Aug 04, 2023
4 min read

Bypassing Facial Recognition — How to Detect Deepfakes and Other Fraud

In this article, we explain how fraudsters bypass facial verification and provide insights into choosing the most reliable anti-fraud solutions.

Since the dawn of facial biometric verification, fraudsters have been looking for ways to bypass it—from simple paper masks to sophisticated deepfake technology. 

Deepfakes have been on the rise for the last several years, leading countries to tackle the spread of AI-generated accounts. In July 2022, the European Union planned to force tech companies to police manipulative accounts and content on their platforms. And in 2023, the EU announced the AI Act, which will separate artificial technologies into several groups of risks, as the EU believes they can be used for criminal purposes.

A deep dive into how dangerous deepfakes are and how they are created as well as how much they cost to produce

As deepfakes continue to spread like wildfire—along with increased regulatory scrutiny—it’s necessary for businesses to ensure that their facial recognition systems work flawlessly. That’s why we at Sumsub have prepared this article on the two main methods of bypassing facial recognition, along with tips on choosing the best face verification solution.

Method 1: Spoofing

When it comes to spoofing, there’s a wide range of technologies that can be used. Some of the most primitive ones include silicone masks—which, surprisingly, have been able to fool big tech companies over the years. However, nowadays, fraudsters are getting into more advanced forms of spoofing, including deepfakes. Let’s dive into each method.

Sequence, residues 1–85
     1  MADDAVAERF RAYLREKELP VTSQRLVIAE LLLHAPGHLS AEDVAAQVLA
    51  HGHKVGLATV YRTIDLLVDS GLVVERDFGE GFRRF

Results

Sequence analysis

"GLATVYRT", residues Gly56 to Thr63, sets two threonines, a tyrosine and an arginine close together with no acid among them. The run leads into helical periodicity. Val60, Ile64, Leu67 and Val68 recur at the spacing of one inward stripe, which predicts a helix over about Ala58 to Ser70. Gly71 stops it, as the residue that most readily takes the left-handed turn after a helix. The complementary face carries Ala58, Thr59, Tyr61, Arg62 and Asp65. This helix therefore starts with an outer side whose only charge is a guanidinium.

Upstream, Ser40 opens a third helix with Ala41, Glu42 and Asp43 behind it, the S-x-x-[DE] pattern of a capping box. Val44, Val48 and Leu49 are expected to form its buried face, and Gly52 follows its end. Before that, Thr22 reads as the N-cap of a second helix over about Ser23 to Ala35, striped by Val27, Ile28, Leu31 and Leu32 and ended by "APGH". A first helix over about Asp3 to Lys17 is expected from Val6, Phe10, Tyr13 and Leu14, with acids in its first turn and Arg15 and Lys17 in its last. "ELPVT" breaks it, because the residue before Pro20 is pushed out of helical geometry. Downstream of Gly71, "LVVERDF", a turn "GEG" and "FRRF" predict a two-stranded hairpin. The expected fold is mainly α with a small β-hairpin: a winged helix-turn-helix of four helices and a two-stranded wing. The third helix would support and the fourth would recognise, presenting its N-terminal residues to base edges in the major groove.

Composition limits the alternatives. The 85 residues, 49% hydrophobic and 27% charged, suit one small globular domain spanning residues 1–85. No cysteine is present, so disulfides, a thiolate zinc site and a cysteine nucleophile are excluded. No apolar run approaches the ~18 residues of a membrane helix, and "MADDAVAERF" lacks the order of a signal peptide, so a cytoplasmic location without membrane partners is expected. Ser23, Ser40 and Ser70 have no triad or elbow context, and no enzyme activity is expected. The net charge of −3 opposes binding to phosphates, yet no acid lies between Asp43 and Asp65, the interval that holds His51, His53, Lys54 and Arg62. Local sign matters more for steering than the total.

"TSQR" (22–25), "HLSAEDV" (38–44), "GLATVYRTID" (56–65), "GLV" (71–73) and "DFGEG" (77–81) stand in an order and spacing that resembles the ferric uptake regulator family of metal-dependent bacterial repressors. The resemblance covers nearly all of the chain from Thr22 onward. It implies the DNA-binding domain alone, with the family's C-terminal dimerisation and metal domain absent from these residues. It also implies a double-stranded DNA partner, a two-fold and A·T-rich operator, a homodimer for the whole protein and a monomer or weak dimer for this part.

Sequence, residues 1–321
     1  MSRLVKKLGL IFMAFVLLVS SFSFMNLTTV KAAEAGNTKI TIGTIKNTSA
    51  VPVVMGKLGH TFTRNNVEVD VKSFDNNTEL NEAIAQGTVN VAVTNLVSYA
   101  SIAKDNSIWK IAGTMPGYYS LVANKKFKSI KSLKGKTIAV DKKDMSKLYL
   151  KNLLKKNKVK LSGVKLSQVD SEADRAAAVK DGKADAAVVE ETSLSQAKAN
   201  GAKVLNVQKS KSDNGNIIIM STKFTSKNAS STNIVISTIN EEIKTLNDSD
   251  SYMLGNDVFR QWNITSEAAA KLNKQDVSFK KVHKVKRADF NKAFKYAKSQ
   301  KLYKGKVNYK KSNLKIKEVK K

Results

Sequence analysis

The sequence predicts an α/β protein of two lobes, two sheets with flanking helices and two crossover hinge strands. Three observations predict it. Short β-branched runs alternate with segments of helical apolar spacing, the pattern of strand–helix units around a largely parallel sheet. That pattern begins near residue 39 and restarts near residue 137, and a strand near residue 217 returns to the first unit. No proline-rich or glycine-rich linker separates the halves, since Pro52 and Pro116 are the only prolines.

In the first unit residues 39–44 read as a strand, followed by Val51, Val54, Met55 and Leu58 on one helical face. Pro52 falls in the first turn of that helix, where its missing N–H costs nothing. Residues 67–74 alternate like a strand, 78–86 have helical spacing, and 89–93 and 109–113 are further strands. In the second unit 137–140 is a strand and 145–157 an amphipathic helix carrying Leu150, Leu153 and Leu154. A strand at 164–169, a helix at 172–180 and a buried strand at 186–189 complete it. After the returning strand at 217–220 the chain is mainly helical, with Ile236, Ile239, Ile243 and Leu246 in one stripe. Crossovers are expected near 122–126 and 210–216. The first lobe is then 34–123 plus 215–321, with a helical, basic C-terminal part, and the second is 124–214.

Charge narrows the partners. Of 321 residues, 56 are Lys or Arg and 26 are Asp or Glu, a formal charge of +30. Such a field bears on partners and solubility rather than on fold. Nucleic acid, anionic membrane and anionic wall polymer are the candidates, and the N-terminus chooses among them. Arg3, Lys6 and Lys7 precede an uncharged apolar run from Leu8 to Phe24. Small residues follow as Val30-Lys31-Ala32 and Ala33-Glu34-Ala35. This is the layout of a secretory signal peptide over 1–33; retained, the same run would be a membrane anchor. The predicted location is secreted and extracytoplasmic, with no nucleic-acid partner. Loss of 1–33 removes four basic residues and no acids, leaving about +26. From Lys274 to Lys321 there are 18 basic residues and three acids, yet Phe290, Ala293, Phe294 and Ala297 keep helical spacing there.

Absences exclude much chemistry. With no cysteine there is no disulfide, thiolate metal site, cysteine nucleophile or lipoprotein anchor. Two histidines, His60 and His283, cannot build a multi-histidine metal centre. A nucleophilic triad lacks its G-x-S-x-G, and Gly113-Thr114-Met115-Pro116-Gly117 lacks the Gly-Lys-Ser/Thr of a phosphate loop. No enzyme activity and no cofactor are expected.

Using pictures

In the era of social media, fraudsters can obtain almost anyone’s picture and use it to fool face verification. Therefore, if facial biometric technology does not analyze  certain characteristics of an image, fraudsters can simply use social media images to hack devices and accounts.

Fraudsters can also use a similar method to gain access to people’s bank accounts. For example, a 34-year-old thief in Brazil managed to get access to several accounts and apply for loans by placing customer photos over a dummy. 

Using video

You’d think that, if a verification technology asks users to make random movements like winking or blinking, it’s impossible to trick the system. Unfortunately, this isn’t really the case, as movements can be recorded in advance—and some verification systems fail to recognize such pre-recorded videos.

Using masks

There are silicone masks so realistic that it’s impossible to detect when a fraudster wears one. Criminals used this method to impersonate the French Defense Minister and were able to steal €55 million. They did this by phoning heads-of-states, wealthy businessmen, and large charities via Skype and claiming that they needed money to save people kidnapped by terrorists. Silicone masks can work if biometric technologies do not scan skin texture, blood flow, and the other characteristics.

Using deepfakes 

Deepfakes use machine learning to either generate a fake persona or impersonate an existing person using manipulated photos and videos of them. A man in China recently sent $622,000 to a scammer after a video call that he thought was with his friend. At the moment, any industry working with customers on a remote basis is vulnerable to deepfakes.

Sumsub’s statistics show that the prevalence of deepfakes fraud grew considerably from 2022 to 2023: